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Some investment accounts (such as the RRSP, RRIF, TFSA, LIRA or LRSP, Annuity) allow you to designate a beneficiary on the account. Insurance policies also allow for the naming of a beneficiary. If you name a beneficiary on such an investment account or on an insurance policy, upon your death, the money from these accounts passes to your designated beneficiary outside of your Will.

Conversely, funds from an investment account or insurance policy will pass through your Will as part of your estate in the following situations:

  • If no beneficiary has been named on the account;
  • If a named beneficiary has predeceased you and you have not named an alternate beneficiary on the account; or
  • If you have named your estate (rather than an individual) as the beneficiary on the account.

However, if you have named a person as a beneficiary on an investment account or insurance policy, the financial institute or the insurer need not wait until the estate is probated before paying the funds to the beneficiary. In situations in which it is important that a beneficiary have access to resources shortly after your death, you can make provisions for that beneficiary by naming him or her as a beneficiary on an investment account or insurance policy.

In deciding whether to name a beneficiary on an investment account it is important to consider the following points.

1) Any taxes arising out of the payment of an investment account to the beneficiary named on that account are payable from the general estate, rather than deducted from the account.

2) Section 25 of the Wills and Succession Act, c.W-12.2 designates that if a testator has named a spouse or an adult interdependent partner as a beneficiary under the Will, the gift to that person is revoked by virtue of the Act upon divorce of that spouse (if after February 1, 2012), or separation from that adult interdependent partner (if after February 1, 2012), unless the Will shows a contrary intention. However, the same legislation does not govern a named spouse or adult interdependent beneficiary on an investment account or insurance policy. Therefore, if there is subsequent divorce from the spouse or separation from the adult interdependent partner, the account holder or policyholder would need to change their designated beneficiary if they do not want their ex to benefit from the funds.

3) Many individuals forget who they have named on their insurance policy or investment accounts as beneficiaries, and when they make the inquiry, they find out it is not who they would name currently.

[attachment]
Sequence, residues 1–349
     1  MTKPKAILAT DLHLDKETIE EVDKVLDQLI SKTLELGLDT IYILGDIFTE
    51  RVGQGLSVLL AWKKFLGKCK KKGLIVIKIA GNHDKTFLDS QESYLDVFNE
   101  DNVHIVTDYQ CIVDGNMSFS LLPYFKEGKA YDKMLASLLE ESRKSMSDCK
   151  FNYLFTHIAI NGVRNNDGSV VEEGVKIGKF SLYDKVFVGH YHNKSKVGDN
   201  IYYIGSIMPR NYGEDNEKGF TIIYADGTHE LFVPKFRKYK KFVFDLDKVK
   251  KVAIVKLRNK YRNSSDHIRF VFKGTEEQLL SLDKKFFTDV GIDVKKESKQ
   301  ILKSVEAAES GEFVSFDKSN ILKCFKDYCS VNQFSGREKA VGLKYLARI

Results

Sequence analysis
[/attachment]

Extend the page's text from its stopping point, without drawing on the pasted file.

4) There is usually not the ability on insurance policies or (non-trust) investment accounts to set up trust situations for the named beneficiary. When individuals want to benefit a minor child or a dependent adult, often they want to set up trust funds with a Trustee controlling the investment and distribution from those funds. The Will may be a better vehicle for setting up of a trust fund for a beneficiary.

5) If a testator wants to benefit a number of individuals in an even-handed way, it may be difficult to determine what is fair if one beneficiary is taking by way of being a named beneficiary on an insurance policy or investment account and the other is taking as a result of being named as a beneficiary in a Will. There may be differences of value in these gifts and of tax consequences.

6) If the benefit of an investment account or life insurance policy passes to the beneficiary designated on the account, the money will not be subject to any claims against the estate, including any income tax claims.

Many individuals decide to name a loved one on an insurance policy or investment account in order to provide that individual with access to funds as soon as possible after the policyholder dies. However, there are several options for an individual in setting up an effective estate plan upon death. At Quantz Law, we review your various options with you to advise you on how to best benefit your loved ones through your investments, insurance policies and your Will.

NOTICE TO READER: The summaries of legal rights and remedies described above are general references to the Alberta laws existing at the date of the publication and may not apply to the reader’s individual circumstances. Also, the laws may change. These legal summaries are not to be relied upon as applicable to your individual circumstances and are subject to a complete review of the facts and applicable laws in every case.